Hena Khan’s Amina’s Song, a follow-up to the 2017 Amina’s Voice, sees middle-schooler Amina on a mission to show her American classmates the beauty of Pakistan after returning from a summer trip to Lahore to visit her family. But through navigating the trials of seventh grade, worrying about her uncle’s health, and finding a balance with new friends and activities, Amina realizes it’s time to find the courage to share her experiences not just with her classmates – but also the world.
Her story had me smiling from start to finish. Not having read Amina’s Voice (though I’m certainly adding it to my list now!), I was concerned that I would be missing something – but for no reason. Although elements from the previous book are referenced, it’s so skillfully done that I never felt like I was missing part of the story. Khan introduces characters new and old seamlessly, and I was pleased to find that they’re both wonderfully likable and human, which is a difficult balance to strike!
Amina is a sweet-natured protagonist, and her narration took me right back to seventh grade. Beyond the average, relatable worries about school projects, making a new friend, and family drama, Amina’s reflections on many Americans’ perceptions of Muslims and Middle Eastern cultures are as relevant as ever. I felt Amina’s frustrations about her friends just “not getting” how her wonderful experiences in Pakistan changed her, and it was hard to read how she struggled with her classmates’ questions and comments after her initial class presentation on activist Malala Yousafzai. Of course, this made Amina’s eventual triumphs all the more satisfying.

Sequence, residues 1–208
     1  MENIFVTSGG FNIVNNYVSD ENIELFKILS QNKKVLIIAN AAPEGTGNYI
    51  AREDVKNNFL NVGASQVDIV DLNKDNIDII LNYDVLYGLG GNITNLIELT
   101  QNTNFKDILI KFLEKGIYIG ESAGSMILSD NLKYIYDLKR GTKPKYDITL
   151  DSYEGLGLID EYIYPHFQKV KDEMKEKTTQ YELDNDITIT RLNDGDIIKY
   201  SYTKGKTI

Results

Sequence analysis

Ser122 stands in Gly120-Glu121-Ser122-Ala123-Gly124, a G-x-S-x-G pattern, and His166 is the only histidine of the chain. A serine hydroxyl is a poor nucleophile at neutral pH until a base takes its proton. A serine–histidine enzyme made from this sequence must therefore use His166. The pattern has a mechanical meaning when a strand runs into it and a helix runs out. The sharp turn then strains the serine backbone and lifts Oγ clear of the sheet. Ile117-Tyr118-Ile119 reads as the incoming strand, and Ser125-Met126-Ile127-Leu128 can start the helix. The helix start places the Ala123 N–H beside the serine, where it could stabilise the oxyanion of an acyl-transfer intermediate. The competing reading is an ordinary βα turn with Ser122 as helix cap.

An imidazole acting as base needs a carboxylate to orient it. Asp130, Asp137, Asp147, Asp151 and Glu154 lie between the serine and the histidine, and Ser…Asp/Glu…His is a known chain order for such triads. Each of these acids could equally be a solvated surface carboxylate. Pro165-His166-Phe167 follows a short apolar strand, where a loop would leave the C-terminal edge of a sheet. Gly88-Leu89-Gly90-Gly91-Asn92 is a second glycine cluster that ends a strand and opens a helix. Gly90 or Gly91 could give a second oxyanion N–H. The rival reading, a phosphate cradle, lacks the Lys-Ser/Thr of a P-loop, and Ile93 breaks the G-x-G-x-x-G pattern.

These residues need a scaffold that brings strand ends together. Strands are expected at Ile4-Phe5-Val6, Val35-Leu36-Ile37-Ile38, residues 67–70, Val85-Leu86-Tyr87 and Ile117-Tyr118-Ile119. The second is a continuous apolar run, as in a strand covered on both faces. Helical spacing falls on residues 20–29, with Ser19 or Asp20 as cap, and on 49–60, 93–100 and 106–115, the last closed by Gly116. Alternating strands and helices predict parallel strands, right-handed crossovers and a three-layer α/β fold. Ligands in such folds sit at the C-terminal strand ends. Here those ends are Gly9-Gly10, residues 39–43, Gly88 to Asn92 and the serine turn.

This is one of those books that I wish I’d had back in middle school. There’s something for everyone to relate to – whether it’s the awkwardness of a preteen school dance, terrifying speech assignments for class, trying new activities, or the weirdness of the age where people start noticing each other in new ways. Other experiences may not be as universal: for instance, calculating time zones to talk with family across the world, trying to balance cultural pride with not wanting to stick out as the “ethnic kid” in school (as Amina’s brother puts it), juggling religious activities, worrying about beloved relatives’ health, and more. I grew up without seeing a lot of the latter topics in YA books, so it’s refreshing to see them here. I’m so encouraged by Khan’s contributions to making these experiences seen, not just for the readers who have been there but also for expanding other readers’ horizons.
Amina’s Song is perfect for the middle-grade reader, though it’s easily enjoyable for anyone above that level as well. Whether you’ve read Amina’s Voice or not, I’d recommend giving this sequel a try!
A copy of this book was provided by the publisher, Simon & Schuster, for review.